My reaction to the hiring of Mike Vandekamp to coach the Cowichan Valley Capitals was probably much the same as everyone else’s. In short, this is a huge move forward for owner Ray Zhang and the hockey club.
“He’s a high-profile coach, probably one of the highest-profile coaches in the league in my estimation,” said Caps’ board of directors member Shari Paterson. “The opportunity was presented to us and Ray took the step for us to do this.
“I think it’s going to improve the quality of the hockey, it’s going to improve the attendance and the atmosphere in the building.”
Vandekamp, 46, has enjoyed success wherever he’s coached, with a resume that includes four years each in Merritt and Vernon of the B.C. Hockey League, two seasons with the Western Hockey’s Prince George Cougars and four years with Grande Prairie in the Alberta Junior Hockey League before coming back to the BCHL for a run of nearly seven seasons in Nanaimo.
The first thing Vandekamp had to do after his tenure with the Clippers ended was some soul-searching.
“I had a tough few months where I was out of the game,” he pointed out. “Being in the game my whole life, it was certainly different. It makes you reflect a little bit.
“I quickly realized it is who I am. I clearly came to the conclusion I wanted to stay in the game. It didn’t take long to come to that conclusion.”
Vandekamp also needed to consider his family and how they factored into any decisions he might make. With his teenage son and daughter settled into school and comfortable with their friends and wife Lana entrenched in Nanaimo, he didn’t want to uproot them so geography certainly entered into the equation with the Capitals’ position.
“For personal reasons, that was certainly appealing,” Vandekamp indicated.
He’ll be able to keep the family home in Nanaimo while travelling back and forth to Duncan and also staying over in the Valley, on occasion, as his duties require. He can tow down the family R.V. for temporary accommodations.
As for the situation on the ice, Vandekamp isn’t promising to be a saviour and knows there’s some tough work ahead.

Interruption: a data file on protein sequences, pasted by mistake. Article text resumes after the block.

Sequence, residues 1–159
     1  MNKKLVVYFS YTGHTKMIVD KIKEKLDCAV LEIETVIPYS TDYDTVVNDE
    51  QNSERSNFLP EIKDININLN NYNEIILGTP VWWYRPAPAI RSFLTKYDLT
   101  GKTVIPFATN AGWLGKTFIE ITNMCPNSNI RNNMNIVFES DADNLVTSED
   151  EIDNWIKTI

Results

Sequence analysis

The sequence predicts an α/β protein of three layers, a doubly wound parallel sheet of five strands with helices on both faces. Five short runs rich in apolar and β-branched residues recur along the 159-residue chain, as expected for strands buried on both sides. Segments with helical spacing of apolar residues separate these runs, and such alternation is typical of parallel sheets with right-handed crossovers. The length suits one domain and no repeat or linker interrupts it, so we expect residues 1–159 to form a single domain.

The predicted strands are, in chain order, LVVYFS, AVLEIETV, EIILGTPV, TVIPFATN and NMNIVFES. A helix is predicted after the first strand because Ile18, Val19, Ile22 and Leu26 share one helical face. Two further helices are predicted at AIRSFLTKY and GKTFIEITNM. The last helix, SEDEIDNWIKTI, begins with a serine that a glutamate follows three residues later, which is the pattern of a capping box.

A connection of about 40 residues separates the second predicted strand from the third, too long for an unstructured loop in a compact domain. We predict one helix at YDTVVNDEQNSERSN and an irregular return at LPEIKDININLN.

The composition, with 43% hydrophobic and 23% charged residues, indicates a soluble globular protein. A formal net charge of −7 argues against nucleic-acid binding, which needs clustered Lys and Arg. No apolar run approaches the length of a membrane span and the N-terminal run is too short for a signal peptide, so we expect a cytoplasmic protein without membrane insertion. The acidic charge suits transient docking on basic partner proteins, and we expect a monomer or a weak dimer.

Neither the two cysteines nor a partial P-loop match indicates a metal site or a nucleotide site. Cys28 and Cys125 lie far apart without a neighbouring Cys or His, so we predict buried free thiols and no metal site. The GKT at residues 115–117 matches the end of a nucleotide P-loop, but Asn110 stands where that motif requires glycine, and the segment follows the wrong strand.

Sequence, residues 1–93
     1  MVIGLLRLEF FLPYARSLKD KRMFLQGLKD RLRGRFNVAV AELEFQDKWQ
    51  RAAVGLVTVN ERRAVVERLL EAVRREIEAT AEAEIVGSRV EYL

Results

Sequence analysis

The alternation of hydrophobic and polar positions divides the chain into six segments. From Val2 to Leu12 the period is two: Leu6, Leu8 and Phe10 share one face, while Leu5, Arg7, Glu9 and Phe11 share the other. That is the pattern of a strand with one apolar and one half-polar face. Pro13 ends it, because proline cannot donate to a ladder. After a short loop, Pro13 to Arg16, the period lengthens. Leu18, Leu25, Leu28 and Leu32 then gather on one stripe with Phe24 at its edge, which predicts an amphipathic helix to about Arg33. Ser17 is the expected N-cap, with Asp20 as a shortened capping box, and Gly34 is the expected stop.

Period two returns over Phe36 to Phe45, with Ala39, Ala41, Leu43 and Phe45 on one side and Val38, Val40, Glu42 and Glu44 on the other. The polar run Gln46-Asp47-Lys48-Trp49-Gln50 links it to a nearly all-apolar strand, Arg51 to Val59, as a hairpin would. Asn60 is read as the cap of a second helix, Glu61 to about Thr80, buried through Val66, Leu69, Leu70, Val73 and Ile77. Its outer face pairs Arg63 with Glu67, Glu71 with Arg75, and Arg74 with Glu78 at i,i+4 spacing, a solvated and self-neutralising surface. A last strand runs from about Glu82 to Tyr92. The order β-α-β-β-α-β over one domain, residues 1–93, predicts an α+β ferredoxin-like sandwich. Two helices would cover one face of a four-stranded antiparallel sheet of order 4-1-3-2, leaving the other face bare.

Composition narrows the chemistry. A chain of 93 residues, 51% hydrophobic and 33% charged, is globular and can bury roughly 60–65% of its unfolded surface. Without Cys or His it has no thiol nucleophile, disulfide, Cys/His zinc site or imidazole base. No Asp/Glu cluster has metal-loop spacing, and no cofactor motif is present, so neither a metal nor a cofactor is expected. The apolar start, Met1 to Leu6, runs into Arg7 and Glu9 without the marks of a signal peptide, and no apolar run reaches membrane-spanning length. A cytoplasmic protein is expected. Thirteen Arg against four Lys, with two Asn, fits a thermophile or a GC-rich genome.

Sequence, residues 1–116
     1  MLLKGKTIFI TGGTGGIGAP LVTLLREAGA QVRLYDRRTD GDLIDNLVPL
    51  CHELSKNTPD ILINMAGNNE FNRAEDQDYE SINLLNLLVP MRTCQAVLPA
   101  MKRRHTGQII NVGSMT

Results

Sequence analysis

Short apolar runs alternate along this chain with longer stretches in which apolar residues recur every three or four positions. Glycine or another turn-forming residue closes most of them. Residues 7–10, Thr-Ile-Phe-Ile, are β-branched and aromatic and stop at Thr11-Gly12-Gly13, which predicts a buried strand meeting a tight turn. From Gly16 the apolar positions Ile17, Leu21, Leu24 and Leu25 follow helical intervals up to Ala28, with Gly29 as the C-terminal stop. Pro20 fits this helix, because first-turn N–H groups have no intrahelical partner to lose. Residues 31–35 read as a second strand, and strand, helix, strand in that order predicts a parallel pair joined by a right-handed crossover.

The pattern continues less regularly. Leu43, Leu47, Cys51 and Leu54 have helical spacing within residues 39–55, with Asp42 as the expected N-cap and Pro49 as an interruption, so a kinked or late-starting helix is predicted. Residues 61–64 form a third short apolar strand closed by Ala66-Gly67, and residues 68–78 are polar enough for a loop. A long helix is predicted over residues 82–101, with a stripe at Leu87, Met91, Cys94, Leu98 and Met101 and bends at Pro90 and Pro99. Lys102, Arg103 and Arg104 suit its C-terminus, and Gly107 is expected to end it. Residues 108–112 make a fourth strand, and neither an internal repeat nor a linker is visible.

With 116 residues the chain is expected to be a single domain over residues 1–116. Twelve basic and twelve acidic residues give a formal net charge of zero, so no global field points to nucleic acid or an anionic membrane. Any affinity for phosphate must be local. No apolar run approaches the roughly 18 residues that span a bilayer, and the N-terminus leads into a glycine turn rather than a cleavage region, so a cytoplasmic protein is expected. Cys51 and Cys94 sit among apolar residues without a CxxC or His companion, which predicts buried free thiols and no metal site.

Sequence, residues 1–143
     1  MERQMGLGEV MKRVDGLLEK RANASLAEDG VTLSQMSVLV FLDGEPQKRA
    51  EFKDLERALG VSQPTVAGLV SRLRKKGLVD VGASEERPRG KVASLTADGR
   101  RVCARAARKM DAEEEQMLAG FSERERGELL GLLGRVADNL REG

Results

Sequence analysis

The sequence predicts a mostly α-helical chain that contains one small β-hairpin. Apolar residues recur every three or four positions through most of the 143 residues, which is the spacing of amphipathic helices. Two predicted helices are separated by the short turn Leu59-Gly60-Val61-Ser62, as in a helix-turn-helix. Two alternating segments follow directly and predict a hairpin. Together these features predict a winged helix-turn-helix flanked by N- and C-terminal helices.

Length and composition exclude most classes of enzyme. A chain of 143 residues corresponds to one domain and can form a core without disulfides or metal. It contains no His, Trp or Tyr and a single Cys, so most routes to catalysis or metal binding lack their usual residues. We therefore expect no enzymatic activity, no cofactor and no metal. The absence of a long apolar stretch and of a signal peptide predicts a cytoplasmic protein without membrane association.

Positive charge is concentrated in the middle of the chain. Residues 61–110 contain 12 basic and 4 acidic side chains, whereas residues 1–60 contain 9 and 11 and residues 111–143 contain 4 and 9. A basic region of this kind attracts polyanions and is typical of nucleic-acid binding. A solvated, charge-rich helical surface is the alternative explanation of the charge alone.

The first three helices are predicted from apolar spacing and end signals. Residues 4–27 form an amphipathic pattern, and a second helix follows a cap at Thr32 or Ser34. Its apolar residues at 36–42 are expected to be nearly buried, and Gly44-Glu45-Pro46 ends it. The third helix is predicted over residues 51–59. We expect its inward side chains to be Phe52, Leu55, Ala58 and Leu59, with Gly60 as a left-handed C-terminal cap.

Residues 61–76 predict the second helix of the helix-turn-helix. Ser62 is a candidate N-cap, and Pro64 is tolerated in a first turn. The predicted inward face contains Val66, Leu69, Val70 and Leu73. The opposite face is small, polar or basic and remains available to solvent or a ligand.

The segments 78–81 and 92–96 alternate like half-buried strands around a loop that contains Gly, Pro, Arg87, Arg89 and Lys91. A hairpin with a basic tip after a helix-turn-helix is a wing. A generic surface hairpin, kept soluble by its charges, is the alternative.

“The team didn’t finish very well last year at the bottom of the pile in the league,” he conceded. “I’m really looking forward to that – just the challenge in building something.”
BCHL teams tend to go in one of two directions – either with a young person on the rise in the coaching ranks or someone with considerable experience. The Caps clearly needed to go in the latter direction at this point to show fans they’re serious about competing and Vandekamp fits the bill perfectly.
He said it’s all about surrounding yourself with good people no matter where the franchise is located in the league.
“Now more than ever you can have success in any of the 17 places,” Vandekamp noted. “It comes down to the people working for you and around the club.”
He cited three of the four semifinalists in the BCHL this season as examples. Trail, Prince George and Powell River all made it that far despite brutal travel schedules.
“I think it goes to show where we’re at,” said Vandekamp. “You have to have the network and you have to have the connections.”
People certainly know Vandekamp’s name well at the BCHL level and that will be a drawing card for players looking into what programs they’d like to join.
Vandekamp’s strong work ethic comes from his background growing up in Fort St. John and he sees many similarities with the Cowichan Valley community.
He’s a strong believer in having the right mindset about yourself as a coach and your program.
Vandekamp looks at the Humboldt Broncos tragedy as a time for people to embrace junior hockey again and what it means to each community. People have been staying away, not just in the Cowichan Valley but everywhere, to watch more games on TV or staying more connected to their devices than the local hockey team.
“An unfortunate incident has pulled people together,” Vandekamp added. “Life has changed.
“I think people need to power down, go down to your local rink and support local kids and their dreams.”
New life for the Caps reminiscent of the good old days will be a good thing, to see Cowichan Arena jumping again.
“It’s an opportunity to get people excited about the team and where it will be willing to go,” said Vandekamp.
“It’s not easy to win. It takes a lot of work.
“We want to win. We don’t want to play second fiddle to anybody.”
(Don Bodger is the editor of the Chemainus Valley Courier).